Paradoxical enhancement of tumor growth in mice with severe combined immunodeficiency which produce a human immunoglobulin G reactive against tumor cells

Toshiharu Furukawa, Masahiko Watanabe, Tetsuro Kubota, Masaki Kitajima

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Abstract

Mice with severe ombined immunodeficiency reconstituted with human splenic tissue (SCID-sp) taken from 22 patients with advanced gastric cancer and 8 with idiopathic thrombocytopenic purpura (ITP) received subsequent implants of COLO 205 human colon cancer cells. A human immunoglobulin G (IgG) reactive against COLO 205 cells (COLO 205-reactive human IgG) was produced by SCID-sp mice reconstituted with splenic tissue from 8 of the 22 gastric cancer patients, but from none of the ITP patients. Tumor growth in SCID-sp mice which produced the COLO 205-reactive human IgG was greater (tumor weight range, 106-143%) than that in the control SCID mice, while that in SCID-sp mice reconstituted with splenic tissue from 8 ITP patients and that in SCID-sp mice reconstituted with splenic tissue from the other 14 gastric cancer patients which did not produce the COLO 205-reactive IgG were considerably lower and slightly lower, respectively, than those in the control SCID mice (tumor weight range, 56.7-108% and 79.4-119%, respectively). When the COLO 205-reactive human IgG titers in the sera of the SCID-sp mice, expressed as a ratio of the titers in the corresponding patient's serum, were plotted against the tumor weight in each SCID-sp mouse, significant correlations were observed in those that received splenic tissues from 6 of the 8 patients in which the COLO 205-reactive human IgG was produced. Furthermore, the tumor growth rates increased in proportion to the increased COLO 205-reactive human IgG titers in SCID-sp mice. Therefore, the SCID-sp model should be useful to study the paradoxical tumor growth possibly due to impaired immune reaction in patients with advanced gastric cancer.

Original languageEnglish
Pages (from-to)72-79
Number of pages8
JournalJapanese Journal of Cancer Research
Volume85
Issue number1
Publication statusPublished - 1994 Jan

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Severe Combined Immunodeficiency
SCID Mice
Immunoglobulin G
Growth
Neoplasms
Stomach Neoplasms
Idiopathic Thrombocytopenic Purpura
Tumor Burden
Serum
Colonic Neoplasms

Keywords

  • Human immunoglobulin G
  • SCID mouse
  • Splenic tissue

ASJC Scopus subject areas

  • Oncology
  • Cancer Research

Cite this

Paradoxical enhancement of tumor growth in mice with severe combined immunodeficiency which produce a human immunoglobulin G reactive against tumor cells. / Furukawa, Toshiharu; Watanabe, Masahiko; Kubota, Tetsuro; Kitajima, Masaki.

In: Japanese Journal of Cancer Research, Vol. 85, No. 1, 01.1994, p. 72-79.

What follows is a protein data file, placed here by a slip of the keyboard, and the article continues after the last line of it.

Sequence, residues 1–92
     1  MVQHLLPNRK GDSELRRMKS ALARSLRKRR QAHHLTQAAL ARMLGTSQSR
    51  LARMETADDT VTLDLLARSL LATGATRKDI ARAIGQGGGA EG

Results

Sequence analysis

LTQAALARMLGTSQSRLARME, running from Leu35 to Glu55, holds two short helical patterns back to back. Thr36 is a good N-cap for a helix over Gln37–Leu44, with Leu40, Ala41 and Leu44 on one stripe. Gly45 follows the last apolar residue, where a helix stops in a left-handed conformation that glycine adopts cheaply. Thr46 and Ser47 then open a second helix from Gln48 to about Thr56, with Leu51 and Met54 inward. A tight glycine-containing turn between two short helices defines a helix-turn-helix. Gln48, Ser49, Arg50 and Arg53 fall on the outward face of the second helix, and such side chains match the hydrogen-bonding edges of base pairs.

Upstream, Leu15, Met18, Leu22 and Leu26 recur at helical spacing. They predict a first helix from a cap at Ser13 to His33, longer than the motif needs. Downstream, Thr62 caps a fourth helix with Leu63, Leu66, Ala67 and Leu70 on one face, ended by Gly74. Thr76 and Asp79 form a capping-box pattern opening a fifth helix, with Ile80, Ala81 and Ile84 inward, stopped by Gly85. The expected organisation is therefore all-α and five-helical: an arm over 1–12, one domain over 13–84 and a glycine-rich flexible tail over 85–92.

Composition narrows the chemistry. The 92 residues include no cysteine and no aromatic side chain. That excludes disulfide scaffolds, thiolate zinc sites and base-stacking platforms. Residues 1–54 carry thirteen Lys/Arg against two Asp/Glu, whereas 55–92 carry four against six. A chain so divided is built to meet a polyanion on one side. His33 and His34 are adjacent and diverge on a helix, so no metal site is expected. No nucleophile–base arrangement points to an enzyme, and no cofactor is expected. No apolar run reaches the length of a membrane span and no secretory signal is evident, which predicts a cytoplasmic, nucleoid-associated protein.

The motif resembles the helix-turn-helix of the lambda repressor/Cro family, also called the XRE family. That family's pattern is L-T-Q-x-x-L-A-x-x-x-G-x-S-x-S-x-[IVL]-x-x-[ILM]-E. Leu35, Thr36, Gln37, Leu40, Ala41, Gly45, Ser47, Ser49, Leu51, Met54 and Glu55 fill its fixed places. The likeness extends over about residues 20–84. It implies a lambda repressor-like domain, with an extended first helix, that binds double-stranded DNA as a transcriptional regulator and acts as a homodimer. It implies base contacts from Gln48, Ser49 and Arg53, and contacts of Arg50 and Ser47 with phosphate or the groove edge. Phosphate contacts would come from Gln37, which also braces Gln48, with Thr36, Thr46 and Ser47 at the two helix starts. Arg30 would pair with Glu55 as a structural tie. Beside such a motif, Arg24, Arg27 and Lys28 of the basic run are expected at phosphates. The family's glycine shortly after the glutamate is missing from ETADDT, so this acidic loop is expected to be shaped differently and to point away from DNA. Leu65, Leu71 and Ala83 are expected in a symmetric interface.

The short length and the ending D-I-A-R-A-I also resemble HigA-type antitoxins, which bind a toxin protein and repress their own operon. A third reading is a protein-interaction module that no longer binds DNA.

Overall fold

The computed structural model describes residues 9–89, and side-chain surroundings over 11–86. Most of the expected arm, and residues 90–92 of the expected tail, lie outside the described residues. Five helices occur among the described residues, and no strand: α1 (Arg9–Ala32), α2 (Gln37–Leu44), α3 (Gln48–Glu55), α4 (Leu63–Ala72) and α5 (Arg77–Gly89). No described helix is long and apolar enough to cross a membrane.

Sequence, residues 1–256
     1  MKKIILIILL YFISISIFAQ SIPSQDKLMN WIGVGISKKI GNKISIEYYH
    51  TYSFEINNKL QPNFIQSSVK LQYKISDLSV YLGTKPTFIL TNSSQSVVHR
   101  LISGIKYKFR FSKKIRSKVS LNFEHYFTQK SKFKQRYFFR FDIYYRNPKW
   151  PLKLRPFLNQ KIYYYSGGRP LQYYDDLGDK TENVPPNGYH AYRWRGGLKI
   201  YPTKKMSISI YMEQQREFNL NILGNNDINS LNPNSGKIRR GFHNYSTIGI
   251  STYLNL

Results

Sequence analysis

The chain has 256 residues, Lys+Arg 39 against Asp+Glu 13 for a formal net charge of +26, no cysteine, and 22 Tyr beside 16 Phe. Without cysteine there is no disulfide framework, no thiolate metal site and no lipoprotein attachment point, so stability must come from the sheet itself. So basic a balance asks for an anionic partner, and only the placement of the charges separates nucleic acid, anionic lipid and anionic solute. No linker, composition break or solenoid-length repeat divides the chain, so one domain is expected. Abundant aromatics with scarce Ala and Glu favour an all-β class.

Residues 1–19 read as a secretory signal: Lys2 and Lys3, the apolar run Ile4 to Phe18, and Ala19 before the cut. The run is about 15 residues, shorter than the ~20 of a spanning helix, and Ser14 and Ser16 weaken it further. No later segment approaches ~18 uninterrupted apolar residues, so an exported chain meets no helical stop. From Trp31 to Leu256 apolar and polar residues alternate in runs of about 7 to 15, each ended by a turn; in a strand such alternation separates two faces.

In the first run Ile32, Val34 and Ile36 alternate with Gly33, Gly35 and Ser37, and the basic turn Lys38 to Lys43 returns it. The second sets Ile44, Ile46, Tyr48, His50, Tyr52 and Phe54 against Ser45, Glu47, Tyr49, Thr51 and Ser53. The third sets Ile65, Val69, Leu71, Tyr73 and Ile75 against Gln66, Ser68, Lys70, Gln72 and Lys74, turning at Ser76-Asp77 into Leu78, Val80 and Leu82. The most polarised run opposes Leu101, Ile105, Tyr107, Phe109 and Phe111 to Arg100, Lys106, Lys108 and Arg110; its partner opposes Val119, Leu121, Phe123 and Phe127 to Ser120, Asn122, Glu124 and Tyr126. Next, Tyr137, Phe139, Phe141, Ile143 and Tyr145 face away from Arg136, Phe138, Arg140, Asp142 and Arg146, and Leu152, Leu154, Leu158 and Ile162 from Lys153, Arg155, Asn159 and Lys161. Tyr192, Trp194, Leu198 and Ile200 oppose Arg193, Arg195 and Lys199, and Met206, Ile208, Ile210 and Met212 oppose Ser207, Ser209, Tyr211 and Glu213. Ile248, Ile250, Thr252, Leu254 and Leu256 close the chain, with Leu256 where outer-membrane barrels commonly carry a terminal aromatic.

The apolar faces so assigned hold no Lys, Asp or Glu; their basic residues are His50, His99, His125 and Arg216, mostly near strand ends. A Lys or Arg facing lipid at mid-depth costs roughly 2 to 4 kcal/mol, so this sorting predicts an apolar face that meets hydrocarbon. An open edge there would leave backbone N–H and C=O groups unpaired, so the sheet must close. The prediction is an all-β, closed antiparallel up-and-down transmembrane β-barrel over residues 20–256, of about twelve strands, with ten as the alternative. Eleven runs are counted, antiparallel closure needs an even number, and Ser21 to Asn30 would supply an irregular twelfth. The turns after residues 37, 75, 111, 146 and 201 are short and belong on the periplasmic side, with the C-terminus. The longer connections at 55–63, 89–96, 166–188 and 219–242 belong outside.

Research output: Contribution to journalArticle

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abstract = "Mice with severe ombined immunodeficiency reconstituted with human splenic tissue (SCID-sp) taken from 22 patients with advanced gastric cancer and 8 with idiopathic thrombocytopenic purpura (ITP) received subsequent implants of COLO 205 human colon cancer cells. A human immunoglobulin G (IgG) reactive against COLO 205 cells (COLO 205-reactive human IgG) was produced by SCID-sp mice reconstituted with splenic tissue from 8 of the 22 gastric cancer patients, but from none of the ITP patients. Tumor growth in SCID-sp mice which produced the COLO 205-reactive human IgG was greater (tumor weight range, 106-143{\%}) than that in the control SCID mice, while that in SCID-sp mice reconstituted with splenic tissue from 8 ITP patients and that in SCID-sp mice reconstituted with splenic tissue from the other 14 gastric cancer patients which did not produce the COLO 205-reactive IgG were considerably lower and slightly lower, respectively, than those in the control SCID mice (tumor weight range, 56.7-108{\%} and 79.4-119{\%}, respectively). When the COLO 205-reactive human IgG titers in the sera of the SCID-sp mice, expressed as a ratio of the titers in the corresponding patient's serum, were plotted against the tumor weight in each SCID-sp mouse, significant correlations were observed in those that received splenic tissues from 6 of the 8 patients in which the COLO 205-reactive human IgG was produced. Furthermore, the tumor growth rates increased in proportion to the increased COLO 205-reactive human IgG titers in SCID-sp mice. Therefore, the SCID-sp model should be useful to study the paradoxical tumor growth possibly due to impaired immune reaction in patients with advanced gastric cancer.",
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